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JOHN MORGAN'S RAID.
The Rebel General John H. Morgan left Sparta, Tenn., on the 27th of June, 1863, with detachments from two brigades of cavalry, numbering, according to Captain Cunningham, of Morgan's staff, 2,028 effective men, with four pieces of artillery—two Parrot's and two howitzers, and crossed the Cumberland near Burkesville, on the 1st and 2d of July, in canoes and boats improvised for the occasion.
He had some difficulty in making the horses swim, but finally succeeded in getting all over by ten A. M. on the 2d. Colonel Dick Morgan then proceeded on a reconnoisance in force, having been told that Colonel Hobson's cavalry were about. He was met by Colonel Jacobs, with the 9th Kentucky cavalry, and repulsed after a gallant fight, yet claiming a victory. The loss was small on both sides.
Colonel Alston, Morgan's chief of staff, says that Colonel Johnston, after much difficulty, succeeded in crossing the river, and joined Morgan, with the 2d brigade (number of men not stated,) after dark. He reported having been much harassed by the enemy, but had succeeded in driving them back.
Captain Cunningham says, after driving back Jacob's cavalry, “our column marched on through Columbia, at which point it found the advance of Wolford's celebrated Kentucky cavalry, numbering 251 men, dispersed it, killing 7 and wounding 15 men; our loss, 2 killed and 2 wounded."
The facts in the case were as follows: the force he met at Columbia was a company
of one hundred
from the 1st Kentucky and 2d and 45th Ohio, commanded by Captain Carter, of Wolford's cavalry. Headed by this gallant officer they met and held in check an entire brigade of Morgan's men, for over three hours: and not till their brave commander had fallen, mortally wounded, and several others severely wounded, and six of the others slain, and ten or twelve wounded, did they think of retiring from the conflict. Captain Fishback fought them successfully for more than hour after the fall of Captain Carter, when, finding himself nearly surrounded, he withdrew his command, skillfully and successfully, and joined his regiment at Jamestown.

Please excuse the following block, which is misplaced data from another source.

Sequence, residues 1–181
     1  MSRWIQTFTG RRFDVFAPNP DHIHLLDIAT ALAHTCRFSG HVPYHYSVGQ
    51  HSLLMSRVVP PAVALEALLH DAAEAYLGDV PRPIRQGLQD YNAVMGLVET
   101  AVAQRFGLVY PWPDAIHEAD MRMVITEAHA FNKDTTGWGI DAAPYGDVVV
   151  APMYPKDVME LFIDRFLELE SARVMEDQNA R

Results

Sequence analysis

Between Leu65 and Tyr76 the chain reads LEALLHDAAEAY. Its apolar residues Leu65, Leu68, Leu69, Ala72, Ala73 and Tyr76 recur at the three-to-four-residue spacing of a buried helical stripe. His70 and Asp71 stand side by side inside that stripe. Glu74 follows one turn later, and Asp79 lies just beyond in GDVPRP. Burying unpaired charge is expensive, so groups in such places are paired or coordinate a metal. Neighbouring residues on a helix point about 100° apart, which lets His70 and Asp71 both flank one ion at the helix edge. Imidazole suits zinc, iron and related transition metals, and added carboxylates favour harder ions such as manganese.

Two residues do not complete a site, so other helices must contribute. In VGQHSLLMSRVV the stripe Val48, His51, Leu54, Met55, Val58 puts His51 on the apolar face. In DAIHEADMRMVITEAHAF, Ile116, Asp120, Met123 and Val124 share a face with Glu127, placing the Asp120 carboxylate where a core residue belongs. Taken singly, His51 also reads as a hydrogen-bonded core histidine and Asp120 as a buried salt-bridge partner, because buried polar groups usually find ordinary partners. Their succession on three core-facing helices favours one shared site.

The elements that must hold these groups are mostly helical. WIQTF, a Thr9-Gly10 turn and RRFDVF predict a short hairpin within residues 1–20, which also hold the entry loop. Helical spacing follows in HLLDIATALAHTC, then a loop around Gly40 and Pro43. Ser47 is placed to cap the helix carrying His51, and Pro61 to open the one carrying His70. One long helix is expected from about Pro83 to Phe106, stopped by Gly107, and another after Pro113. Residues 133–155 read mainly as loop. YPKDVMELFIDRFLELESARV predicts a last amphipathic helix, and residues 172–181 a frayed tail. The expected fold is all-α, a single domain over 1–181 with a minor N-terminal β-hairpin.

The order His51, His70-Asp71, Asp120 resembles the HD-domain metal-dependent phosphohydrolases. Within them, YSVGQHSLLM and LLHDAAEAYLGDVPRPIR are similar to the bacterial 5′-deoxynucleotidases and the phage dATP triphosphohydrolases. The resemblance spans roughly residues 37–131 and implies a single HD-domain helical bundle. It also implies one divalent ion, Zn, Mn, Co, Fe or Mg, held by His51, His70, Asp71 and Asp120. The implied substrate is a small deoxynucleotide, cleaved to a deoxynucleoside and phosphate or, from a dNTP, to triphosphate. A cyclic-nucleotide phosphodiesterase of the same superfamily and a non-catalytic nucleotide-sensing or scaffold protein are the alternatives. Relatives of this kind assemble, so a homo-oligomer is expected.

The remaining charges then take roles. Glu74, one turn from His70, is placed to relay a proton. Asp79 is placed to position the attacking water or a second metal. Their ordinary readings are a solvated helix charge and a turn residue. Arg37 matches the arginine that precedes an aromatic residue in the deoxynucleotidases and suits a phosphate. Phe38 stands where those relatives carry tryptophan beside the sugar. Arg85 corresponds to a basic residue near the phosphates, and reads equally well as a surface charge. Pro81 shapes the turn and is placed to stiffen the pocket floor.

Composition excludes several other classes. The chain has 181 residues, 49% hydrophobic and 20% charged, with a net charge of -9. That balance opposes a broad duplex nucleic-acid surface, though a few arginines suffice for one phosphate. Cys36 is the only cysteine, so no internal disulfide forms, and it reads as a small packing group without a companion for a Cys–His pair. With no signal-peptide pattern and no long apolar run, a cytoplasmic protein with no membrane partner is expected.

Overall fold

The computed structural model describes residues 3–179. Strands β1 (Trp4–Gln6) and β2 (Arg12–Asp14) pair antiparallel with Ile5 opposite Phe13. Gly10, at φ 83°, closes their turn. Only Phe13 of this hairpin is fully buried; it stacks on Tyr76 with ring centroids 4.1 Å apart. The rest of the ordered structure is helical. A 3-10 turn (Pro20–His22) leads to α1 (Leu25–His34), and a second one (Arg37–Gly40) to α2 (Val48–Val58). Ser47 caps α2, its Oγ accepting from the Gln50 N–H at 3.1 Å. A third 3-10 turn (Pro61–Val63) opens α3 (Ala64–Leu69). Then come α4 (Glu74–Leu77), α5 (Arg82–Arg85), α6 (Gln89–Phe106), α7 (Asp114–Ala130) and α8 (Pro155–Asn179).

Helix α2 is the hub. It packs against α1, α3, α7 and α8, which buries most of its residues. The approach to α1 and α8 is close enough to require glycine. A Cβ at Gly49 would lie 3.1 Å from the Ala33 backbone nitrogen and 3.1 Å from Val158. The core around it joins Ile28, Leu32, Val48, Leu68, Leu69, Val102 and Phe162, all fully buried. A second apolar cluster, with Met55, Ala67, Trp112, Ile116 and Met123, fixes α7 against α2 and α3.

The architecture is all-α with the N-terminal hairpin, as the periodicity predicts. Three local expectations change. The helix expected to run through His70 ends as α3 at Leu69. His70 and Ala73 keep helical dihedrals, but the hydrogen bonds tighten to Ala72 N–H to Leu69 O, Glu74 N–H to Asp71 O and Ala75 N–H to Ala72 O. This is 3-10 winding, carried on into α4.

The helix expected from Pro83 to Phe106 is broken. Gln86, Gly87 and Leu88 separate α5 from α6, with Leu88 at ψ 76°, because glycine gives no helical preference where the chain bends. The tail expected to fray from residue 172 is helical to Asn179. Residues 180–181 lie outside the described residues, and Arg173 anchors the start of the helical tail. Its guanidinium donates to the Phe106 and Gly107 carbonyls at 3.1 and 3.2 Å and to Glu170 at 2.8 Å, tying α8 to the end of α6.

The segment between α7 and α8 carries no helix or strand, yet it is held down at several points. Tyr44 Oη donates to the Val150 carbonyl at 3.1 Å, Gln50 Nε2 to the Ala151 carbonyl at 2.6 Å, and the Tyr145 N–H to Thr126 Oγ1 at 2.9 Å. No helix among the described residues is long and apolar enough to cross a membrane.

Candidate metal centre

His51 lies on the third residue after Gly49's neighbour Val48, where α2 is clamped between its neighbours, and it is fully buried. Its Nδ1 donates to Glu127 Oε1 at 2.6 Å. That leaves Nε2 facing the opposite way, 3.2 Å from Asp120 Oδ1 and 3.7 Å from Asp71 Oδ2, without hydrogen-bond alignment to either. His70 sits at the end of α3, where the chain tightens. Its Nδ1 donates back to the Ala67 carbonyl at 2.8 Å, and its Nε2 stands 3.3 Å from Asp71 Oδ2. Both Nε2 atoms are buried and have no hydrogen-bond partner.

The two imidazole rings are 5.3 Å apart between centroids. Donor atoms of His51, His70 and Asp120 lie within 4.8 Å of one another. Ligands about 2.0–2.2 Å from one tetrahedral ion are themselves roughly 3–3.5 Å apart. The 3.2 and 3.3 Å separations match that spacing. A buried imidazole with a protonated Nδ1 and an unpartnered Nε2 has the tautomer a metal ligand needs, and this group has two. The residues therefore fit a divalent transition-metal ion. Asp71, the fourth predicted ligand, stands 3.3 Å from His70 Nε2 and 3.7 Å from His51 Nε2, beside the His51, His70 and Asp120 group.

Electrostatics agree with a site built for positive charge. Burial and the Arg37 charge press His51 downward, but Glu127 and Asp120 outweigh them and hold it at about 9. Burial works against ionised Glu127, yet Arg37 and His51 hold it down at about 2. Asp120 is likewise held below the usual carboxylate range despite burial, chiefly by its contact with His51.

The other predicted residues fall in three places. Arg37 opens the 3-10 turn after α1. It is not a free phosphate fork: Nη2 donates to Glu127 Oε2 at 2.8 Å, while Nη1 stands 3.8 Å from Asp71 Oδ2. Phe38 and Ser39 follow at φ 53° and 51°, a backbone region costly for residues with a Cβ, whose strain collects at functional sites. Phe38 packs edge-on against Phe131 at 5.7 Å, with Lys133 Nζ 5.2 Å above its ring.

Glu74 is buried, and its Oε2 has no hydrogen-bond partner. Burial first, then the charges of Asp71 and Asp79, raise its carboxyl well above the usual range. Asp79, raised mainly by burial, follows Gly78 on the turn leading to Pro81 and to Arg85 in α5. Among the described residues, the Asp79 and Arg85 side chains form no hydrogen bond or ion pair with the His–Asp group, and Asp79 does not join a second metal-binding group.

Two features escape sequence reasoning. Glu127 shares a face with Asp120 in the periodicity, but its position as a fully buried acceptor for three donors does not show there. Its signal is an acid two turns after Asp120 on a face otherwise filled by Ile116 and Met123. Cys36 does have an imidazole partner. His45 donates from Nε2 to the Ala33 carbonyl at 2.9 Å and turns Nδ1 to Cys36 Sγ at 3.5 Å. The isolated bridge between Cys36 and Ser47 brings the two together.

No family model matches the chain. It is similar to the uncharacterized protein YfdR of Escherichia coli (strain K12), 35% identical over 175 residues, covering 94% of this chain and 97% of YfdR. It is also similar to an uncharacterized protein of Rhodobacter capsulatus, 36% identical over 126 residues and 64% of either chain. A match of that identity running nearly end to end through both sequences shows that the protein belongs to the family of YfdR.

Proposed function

Colonel Wolford, then in command at Jamestown, having ascertained that Morgan's two brigades passed through Columbia that same night, July 3d, en route for Lebanon, sent dispatches to General Carter, and as soon as possible commenced pursuit, with about 1,200 men from the 1st Kentucky and 2d, 7th, and 45th Ohio regiments. Before reaching Lebanon, he was joined by the 2d East Tennessee, increasing his force to about 1,800 men, with two sections of Law's howitzer battery.
Arriving at the stockade at Green River Bridge, on the morning of the 4th of July, says Alston, “General Morgan sent in a flag of truce, and demanded the sur render; but Colonel Moore quietly remarked, “if it was any other day he might consider the demand, but the 4th of July was a bad day to talk about surrender, and must therefore decline. The colonel is agallant man
* and entitled to the highest credit for military skill. We would mark such a man inour army for promotion.
“The place was judiciously chosen, and skillfully defended,” continues Alston, “and the result was that we were repulsed with severe loss, about 25 killed and 20 wounded. Among the killed, as usual, were our best men and officers, including Colonel Chenault, Major Brent, Captain Trible, Lieutenants Cowan, Ferguson, and another whose name I do not remember.”
“Indeed," says Captain Cunningham, “ this was the darkest day that ever shone upon our command; 11 commissioned officers were killed, and 9 wounded. After heavy slaughter upon both sides, our forces withdrew; loss, about 60 killed and wounded on each side."
Colonel Moore says, officially, "My position was strong, and his loss was over 50 killed, and over 200 wounded. I took no prisoners. My loss was 6 killed, 23 wounded, and one prisoner. The victory was complete. I fought with my fraction of a regiment of 200 men."